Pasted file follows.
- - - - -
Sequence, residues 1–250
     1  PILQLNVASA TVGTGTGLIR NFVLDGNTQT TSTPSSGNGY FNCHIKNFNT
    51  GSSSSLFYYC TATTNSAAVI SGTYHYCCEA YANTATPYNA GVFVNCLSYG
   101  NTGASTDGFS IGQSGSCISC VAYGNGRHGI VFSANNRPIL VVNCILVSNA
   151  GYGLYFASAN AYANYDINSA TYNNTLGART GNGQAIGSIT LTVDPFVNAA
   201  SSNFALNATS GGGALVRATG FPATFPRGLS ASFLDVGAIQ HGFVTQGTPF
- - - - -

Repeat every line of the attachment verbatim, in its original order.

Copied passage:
Sequence, residues 1–250
     1  PILQLNVASA TVGTGTGLIR NFVLDGNTQT TSTPSSGNGY FNCHIKNFNT
    51  GSSSSLFYYC TATTNSAAVI SGTYHYCCEA YANTATPYNA GVFVNCLSYG
   101  NTGASTDGFS IGQSGSCISC VAYGNGRHGI VFSANNRPIL VVNCILVSNA
   151  GYGLYFASAN AYANYDINSA TYNNTLGART GNGQAIGSIT LTVDPFVNAA
   201  SSNFALNATS GGGALVRATG FPATFPRGLS ASFLDVGAIQ HGFVTQGTPF